“The only interests that lose out under the Princeton proposal are the big journal publishers. Everyone else gains.”

Professor Tom Cochrane, Deputy Vice-Chancellor Technology, Information and Learning Support at the Queensland University of Technology, who has also led an Open Access policy mandate at QUT welcomed Princeton’s new rule but warned that the waiver must not be used too regularly, lest the policy be undermined.

If all universities and research institutions globally had policies similar to Princeton’s, the ultimate owner of published academic work would be universities and their research communities collectively, Professor Cochrane said.

“They are the source of all the content that publishers absolutely require to run their business model,” he said.

Dr Danny Kingsley, an open access expert and Manager of Scholarly Communication and ePublishing at Australian National University said the move was a positive step and that the push for open access should come from the academic community.

In practice, however, the new policy requires staff have a good understanding of the copyright arrangements they currently have with journal publishers in their field.

They will need to ensure future publisher’s agreements accommodate the new position and if not, obtain a waiver from the University.

“This sounds easy but in reality might be a challenge for some academics. There is considerable evidence to show that academics often have very little understanding of the copyright situation of their published work,” she said.

“What will be most telling will be the publishers' response over the next year or so. If they start providing amended agreements to Princeton academics then the door will be open for other universities to follow this lead. I suspect however they will not, as generally the trend seems for publishers to make the open access path a complex and difficult one.”

This article was originally published at The Conversation.
Read the original article.
Read further on the Open Access Debate published at The Conversation

Monday, September 26, 2011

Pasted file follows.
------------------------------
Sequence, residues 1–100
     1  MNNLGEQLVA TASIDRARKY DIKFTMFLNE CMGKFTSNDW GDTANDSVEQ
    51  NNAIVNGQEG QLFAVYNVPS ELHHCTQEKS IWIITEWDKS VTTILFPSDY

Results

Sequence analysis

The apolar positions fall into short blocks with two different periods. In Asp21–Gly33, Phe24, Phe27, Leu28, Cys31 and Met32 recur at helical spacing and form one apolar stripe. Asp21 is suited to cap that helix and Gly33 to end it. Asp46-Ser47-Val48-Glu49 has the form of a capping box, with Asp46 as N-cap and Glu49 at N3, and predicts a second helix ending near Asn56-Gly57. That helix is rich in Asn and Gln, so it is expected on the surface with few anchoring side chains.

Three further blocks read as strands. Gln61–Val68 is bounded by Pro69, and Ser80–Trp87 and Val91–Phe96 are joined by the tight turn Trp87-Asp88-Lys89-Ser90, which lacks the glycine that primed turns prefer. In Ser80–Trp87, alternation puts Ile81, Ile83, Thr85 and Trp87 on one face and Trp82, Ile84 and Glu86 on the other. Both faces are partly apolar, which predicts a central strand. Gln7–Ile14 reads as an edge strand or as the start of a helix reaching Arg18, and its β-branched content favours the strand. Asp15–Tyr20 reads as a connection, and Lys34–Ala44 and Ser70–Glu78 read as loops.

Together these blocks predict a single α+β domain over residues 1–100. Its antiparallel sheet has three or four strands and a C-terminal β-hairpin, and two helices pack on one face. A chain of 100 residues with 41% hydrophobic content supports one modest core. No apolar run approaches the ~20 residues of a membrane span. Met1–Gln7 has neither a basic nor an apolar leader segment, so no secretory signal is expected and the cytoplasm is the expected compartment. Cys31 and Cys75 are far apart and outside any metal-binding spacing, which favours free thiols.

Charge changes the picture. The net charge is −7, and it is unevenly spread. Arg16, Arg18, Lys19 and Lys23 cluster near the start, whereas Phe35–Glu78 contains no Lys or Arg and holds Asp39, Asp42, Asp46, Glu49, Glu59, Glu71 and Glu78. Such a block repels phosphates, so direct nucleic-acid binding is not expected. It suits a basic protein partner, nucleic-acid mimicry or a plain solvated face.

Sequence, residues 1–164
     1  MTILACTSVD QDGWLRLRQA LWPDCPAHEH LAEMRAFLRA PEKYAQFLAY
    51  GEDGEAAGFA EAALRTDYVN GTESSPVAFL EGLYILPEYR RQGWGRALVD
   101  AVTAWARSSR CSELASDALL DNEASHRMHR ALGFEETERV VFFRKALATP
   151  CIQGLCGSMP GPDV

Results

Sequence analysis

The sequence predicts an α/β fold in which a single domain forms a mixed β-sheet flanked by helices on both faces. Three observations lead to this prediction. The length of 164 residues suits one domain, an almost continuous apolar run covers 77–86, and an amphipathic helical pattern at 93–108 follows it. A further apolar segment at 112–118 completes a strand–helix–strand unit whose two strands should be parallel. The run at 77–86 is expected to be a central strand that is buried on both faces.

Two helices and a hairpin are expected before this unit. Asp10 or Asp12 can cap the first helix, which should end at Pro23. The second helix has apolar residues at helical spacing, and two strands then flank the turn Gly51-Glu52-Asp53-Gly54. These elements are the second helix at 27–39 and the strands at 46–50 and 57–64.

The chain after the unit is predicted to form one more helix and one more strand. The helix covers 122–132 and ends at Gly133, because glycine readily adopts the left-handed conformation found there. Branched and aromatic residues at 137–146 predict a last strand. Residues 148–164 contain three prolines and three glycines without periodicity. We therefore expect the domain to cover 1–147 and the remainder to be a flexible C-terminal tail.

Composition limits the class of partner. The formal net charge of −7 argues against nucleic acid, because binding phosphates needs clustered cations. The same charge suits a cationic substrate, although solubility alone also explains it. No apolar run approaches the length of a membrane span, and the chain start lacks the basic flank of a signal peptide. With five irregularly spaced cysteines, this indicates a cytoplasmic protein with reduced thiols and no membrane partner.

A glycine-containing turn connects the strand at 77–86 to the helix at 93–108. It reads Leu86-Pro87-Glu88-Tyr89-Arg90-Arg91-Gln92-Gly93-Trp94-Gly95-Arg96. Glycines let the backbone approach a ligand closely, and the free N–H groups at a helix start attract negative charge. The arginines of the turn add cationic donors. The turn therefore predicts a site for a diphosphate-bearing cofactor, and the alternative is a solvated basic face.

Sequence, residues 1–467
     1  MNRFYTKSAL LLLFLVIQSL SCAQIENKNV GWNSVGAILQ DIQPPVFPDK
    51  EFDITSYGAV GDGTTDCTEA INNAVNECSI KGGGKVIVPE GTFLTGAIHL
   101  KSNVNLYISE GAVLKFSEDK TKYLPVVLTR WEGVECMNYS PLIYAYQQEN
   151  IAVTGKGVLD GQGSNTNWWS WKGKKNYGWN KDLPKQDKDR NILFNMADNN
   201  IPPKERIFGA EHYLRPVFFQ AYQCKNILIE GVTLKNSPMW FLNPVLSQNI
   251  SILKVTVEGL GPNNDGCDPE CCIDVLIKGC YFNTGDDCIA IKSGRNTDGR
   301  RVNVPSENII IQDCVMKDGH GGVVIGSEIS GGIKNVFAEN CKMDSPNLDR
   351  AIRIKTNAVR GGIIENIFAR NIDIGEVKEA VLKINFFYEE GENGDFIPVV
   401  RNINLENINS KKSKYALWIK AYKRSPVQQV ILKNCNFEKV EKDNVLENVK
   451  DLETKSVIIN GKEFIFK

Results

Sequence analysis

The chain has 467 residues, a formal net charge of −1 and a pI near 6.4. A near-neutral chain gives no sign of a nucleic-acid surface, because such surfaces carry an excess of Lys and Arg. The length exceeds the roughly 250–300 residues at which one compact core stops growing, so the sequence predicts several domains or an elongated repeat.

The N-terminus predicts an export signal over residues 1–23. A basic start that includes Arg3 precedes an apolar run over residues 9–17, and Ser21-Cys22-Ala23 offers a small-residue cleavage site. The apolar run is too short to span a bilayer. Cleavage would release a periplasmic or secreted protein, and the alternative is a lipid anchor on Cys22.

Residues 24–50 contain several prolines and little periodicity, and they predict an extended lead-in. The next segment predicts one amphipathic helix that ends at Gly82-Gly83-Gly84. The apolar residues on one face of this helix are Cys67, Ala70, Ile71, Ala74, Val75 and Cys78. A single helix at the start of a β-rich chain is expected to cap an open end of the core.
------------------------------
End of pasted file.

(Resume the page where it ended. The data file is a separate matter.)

The Chilean Path to Development-A Public Address by H. E. Sebastián Piñera , President of Chile

President H. E. Sebastián Piñera and his wife, Cecilia Morel, attended the Annual Forum of the Kennedy School of Government at Harvard University, as part of his working visit to Boston September 23, 2011.   I saw a blog post today that showed an audience member pose a question  and a snippet of Piñera's response regarding the student revolt that has been on going for about 6 months now. While I understand its use as a political and advocacy tool, I resented not having full access to the complete video or transcript. After a little poking about I discovered the speech was recorded and archived by Harvard (and I would not have expected anything less).  His presentation, The Chilean Path to Development  to the Harvard's John F. Kennedy Forum may be viewed in its entirety. In order to view the video you MUST have RealPlayer downloaded .

The video is expected to be available for download Wednesday, September 28 on iTunes U Harvard University: Institute of Politics- John F. Kennedy Jr. Forum. Below I summarize the presentation and then attempt to quote verbatim the first questioner and the President's response.  The questioner makes a pointed attempt to challenge the President on an apparent "change of policy" mentioned in an earlier speech compared to the reality as described by the questioner of the students back home in Chile. That exchange follows the summary.

One point of clarification or correction in the President's response to this individual. He suggests the exchange rate for Chilean Peso to the US Dollar is 200-1. In reality the day of the speech (9/23/2011) it was nearly 518-1. 

As for the rest of the questions I encourage you to look and listen for yourselves: 

The Chilean Path to Development

The program begins with introductions by Dean David Ellwood and Professor Marilee Grindle